Toshiba's 32-inch, 1080p Regza 32DB833B is one of the first LED TVs we've seen to come with an integrated Blu-ray player. It's an entry-level set, but the LED backlighting and the Blu-ray player add to the price, with the result that the TV will set you back around £520 online, which isn't all that cheap for a 32-inch model.
Hooray for Blu-ray
The TV is reasonably stylish, and almost identical to the Regza 42HL833B that we looked at recently. In fact, both models share the same chassis, with the difference being that this one has a Blu-ray drive fitted on the left-hand side, whereas that space on the 42HL833B is simply blocked off.
From the front, the TV looks handsome, thanks to its glossy black finish, cut-away corners and the aluminium strip that runs across the bottom. The plasticky stand feels rather flimsy, though, and the overall build quality of the set screams 'budget' rather than 'premium'.
One big annoyance that this TV shares with the 42HL833B is that it doesn't have an integrated Freeview HD tuner. Instead, the tuner only allows you to watch standard-definition Freeview channels. If you want hi-def services, you'll have to resort to using an external set-top box, which is pretty lame for a 2011 model.
Also, the TV's electronic programme guide isn't all that great. The presentation is very dull and it uses a vertical layout, rather than the more traditional, horizontal, bricks-in-the-wall approach. This can make it difficult to spot programme clashes across different channels. Nevertheless, the EPG is fairly speedy to navigate.
Presumably, Toshiba felt it could cut back on the number of ports on offer due to the presence of the integrated Blu-ray payer. We think Toshiba's cut back too far, however, as you're left with just two HDMI ports, when most 32-inch TVs now come with four sockets. Nevertheless, the HDMI ports are joined by a set of component inputs, as well as a single Scart socket.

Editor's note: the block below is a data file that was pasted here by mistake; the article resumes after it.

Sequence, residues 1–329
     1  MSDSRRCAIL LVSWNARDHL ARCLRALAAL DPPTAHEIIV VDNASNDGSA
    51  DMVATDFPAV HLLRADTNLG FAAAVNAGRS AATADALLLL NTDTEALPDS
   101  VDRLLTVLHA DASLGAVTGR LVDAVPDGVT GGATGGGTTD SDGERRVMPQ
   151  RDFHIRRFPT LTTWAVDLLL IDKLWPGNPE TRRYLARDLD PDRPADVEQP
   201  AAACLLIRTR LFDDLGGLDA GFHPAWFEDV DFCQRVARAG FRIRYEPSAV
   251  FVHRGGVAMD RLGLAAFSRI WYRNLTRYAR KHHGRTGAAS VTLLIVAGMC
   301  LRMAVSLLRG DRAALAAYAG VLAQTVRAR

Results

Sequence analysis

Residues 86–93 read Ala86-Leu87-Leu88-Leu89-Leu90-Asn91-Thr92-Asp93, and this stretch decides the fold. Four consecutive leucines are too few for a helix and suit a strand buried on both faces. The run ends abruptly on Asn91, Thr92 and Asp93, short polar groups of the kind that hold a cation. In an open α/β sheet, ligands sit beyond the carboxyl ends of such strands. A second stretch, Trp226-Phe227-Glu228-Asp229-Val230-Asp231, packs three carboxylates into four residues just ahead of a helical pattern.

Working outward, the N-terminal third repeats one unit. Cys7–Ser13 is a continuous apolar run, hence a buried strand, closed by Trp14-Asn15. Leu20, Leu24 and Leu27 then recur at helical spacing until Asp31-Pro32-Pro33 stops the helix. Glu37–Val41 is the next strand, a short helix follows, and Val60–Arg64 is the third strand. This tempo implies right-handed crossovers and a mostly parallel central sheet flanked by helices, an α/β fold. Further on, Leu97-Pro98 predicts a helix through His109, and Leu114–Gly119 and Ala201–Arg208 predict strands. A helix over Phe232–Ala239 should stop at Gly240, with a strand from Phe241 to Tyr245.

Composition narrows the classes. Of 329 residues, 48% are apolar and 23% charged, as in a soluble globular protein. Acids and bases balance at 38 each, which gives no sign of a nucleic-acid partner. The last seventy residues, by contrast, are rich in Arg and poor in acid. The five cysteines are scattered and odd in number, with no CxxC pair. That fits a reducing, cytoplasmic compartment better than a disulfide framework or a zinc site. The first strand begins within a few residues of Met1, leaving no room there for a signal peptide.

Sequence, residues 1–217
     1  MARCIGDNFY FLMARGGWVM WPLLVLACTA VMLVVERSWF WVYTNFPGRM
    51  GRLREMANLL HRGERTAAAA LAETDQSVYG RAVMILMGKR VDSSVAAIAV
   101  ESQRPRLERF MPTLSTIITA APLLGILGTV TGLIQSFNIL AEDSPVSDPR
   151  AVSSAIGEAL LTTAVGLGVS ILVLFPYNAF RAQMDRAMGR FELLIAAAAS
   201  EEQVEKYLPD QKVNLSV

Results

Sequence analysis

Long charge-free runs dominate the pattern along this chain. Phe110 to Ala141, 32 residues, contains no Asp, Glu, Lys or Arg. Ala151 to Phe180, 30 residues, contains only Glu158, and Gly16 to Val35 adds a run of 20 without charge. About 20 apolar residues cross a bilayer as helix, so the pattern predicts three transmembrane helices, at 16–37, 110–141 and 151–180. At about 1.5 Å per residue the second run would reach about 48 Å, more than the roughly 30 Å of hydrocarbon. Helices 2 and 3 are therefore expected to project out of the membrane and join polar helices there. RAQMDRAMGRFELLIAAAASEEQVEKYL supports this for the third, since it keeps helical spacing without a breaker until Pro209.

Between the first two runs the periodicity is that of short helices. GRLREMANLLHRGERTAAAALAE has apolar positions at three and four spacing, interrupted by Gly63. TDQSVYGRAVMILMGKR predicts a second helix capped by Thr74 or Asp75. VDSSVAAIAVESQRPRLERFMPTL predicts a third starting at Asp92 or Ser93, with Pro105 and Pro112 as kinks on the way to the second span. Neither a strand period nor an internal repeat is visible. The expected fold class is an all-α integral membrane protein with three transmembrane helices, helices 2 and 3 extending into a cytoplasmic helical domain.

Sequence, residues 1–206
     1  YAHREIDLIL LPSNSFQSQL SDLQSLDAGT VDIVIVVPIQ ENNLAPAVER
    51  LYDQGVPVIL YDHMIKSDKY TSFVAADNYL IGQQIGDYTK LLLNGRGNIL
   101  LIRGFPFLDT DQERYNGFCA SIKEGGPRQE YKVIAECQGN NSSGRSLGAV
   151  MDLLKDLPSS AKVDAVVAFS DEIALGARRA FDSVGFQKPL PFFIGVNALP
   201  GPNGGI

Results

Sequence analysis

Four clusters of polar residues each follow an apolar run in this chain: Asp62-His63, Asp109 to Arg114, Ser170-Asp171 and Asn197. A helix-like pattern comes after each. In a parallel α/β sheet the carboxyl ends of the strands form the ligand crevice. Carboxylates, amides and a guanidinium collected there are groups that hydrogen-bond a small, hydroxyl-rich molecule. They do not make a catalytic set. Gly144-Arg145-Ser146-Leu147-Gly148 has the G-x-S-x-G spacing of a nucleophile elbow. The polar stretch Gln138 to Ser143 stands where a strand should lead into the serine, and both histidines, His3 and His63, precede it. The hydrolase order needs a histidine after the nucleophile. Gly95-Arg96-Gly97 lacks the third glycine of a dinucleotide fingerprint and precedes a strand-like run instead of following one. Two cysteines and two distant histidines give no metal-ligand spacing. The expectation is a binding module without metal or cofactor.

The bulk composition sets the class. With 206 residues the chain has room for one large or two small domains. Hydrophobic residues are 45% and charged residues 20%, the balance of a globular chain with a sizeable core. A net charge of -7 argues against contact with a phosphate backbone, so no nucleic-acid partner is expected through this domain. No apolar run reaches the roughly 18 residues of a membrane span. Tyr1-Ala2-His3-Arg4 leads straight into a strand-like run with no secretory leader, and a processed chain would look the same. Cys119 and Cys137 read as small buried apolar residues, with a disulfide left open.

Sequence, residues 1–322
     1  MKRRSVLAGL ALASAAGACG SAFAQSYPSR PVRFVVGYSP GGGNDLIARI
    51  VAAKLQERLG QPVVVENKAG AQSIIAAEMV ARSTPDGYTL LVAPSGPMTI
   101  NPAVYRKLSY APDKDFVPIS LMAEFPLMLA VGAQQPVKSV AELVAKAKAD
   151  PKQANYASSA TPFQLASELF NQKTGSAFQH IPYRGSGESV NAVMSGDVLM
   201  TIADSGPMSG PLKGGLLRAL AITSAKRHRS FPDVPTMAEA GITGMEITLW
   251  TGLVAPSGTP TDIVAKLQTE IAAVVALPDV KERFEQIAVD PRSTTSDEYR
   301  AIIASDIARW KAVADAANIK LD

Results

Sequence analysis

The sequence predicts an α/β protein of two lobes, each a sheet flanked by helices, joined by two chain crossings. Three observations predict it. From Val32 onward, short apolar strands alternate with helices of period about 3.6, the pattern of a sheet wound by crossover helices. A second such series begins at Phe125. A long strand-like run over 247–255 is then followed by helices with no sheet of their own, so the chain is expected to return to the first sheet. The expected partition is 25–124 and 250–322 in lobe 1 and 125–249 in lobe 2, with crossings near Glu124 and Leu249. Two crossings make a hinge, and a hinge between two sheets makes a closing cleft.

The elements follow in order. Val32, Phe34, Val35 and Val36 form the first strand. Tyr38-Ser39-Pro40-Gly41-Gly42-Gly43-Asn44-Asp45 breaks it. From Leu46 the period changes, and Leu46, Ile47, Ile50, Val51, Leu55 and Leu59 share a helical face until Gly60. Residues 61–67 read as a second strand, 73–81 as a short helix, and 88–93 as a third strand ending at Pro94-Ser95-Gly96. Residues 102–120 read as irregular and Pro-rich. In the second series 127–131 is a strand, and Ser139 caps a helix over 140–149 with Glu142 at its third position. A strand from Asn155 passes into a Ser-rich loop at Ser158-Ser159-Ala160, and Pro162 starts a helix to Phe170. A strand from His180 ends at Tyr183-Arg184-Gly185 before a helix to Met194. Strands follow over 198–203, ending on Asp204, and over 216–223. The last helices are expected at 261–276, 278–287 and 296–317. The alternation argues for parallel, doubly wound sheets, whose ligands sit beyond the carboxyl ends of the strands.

The TV also has two USB ports. The first is mounted on the main chassis and used for digital-media playback. The media-playback interface is very basic -- it's little more than a file browser -- but the format support is good. The set had no problem playing HD MKV files, along with Xvid and DviX videos.
The second USB port is attached to the Blu-ray player housing and can only be used for storing BD-Live downloaded content. The Blu-ray player also has an Ethernet socket. This is, again, only used for accessing BD-Live content. There's no support for media streaming via Internet TV services like BBC iPlayer.
The Blu-ray player is noticeably louder than the integrated DVD players we've seen on other TVs -- there's an audible whirr when the drive is spinning. Still, it isn't all that distracting and the player is quick to load discs. It also offers better-than-expected playback quality. Images look very crisp and detailed.
In terms of overall picture quality, the 32DB833B is a mixed performer. Colours tend to look quite perky but, if you're not careful, they can be rather over-enthusiastic, especially reddish hues. As a result, under some of the more aggressive picture presets, newsreaders can look like slightly red in the face, as if they're suffering from high blood pressure.
Also, the 32DB833B lacks Toshiba's Resolution+ upscaling system, so Freeview pictures look rougher and more noisy than they do on the company's mid-range models. That said, black levels are quite deep, although this does seem to be achieved at the expense of shadow detail.
In short, the 32DB833B lacks the finesse of many mid-range rivals, but its pictures are still quite watchable.
Sadly, as with many of these thinner TVs, the audio quality is less than inspiring. The downward-firing speakers are small and weedy, with the result that they don't produce much bass, and even dialogue tends to sound hollow and indistinct.
The Toshiba Regza 32DB833B is a decent-enough TV, and the integrated Blu-ray player will be a boon for those who want a compact set for the bedroom or kitchen. But the 32DB833B's picture and audio quality aren't massively impressive, and we can't help feeling slightly cheated by the lack of a Freeview HD tuner.
Edited by Charles Kloet